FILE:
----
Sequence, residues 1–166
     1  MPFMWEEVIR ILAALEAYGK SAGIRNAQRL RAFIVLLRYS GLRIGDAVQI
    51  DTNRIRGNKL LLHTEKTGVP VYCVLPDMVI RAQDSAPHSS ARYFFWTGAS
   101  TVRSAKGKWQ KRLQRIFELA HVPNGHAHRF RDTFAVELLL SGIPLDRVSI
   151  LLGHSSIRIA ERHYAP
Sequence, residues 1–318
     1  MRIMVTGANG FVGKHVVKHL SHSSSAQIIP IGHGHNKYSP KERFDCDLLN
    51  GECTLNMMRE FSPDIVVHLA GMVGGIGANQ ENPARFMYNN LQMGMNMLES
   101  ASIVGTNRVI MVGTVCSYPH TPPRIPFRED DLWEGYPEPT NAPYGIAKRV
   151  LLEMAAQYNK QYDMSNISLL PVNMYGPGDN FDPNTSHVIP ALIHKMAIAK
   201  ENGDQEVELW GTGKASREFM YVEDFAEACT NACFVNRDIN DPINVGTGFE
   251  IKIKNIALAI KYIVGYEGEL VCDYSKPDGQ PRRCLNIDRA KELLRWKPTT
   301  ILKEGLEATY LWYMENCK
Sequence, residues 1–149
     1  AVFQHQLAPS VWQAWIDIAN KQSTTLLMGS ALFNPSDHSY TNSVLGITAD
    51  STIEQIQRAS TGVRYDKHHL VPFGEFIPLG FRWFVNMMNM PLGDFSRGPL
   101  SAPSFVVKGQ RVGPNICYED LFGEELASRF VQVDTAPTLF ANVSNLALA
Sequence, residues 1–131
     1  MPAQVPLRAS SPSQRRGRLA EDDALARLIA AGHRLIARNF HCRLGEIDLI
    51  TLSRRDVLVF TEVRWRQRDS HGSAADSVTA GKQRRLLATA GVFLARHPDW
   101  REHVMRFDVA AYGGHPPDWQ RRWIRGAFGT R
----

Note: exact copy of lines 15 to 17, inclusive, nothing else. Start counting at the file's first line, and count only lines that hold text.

     1  AVFQHQLAPS VWQAWIDIAN KQSTTLLMGS ALFNPSDHSY TNSVLGITAD
    51  STIEQIQRAS TGVRYDKHHL VPFGEFIPLG FRWFVNMMNM PLGDFSRGPL
   101  SAPSFVVKGQ RVGPNICYED LFGEELASRF VQVDTAPTLF ANVSNLALA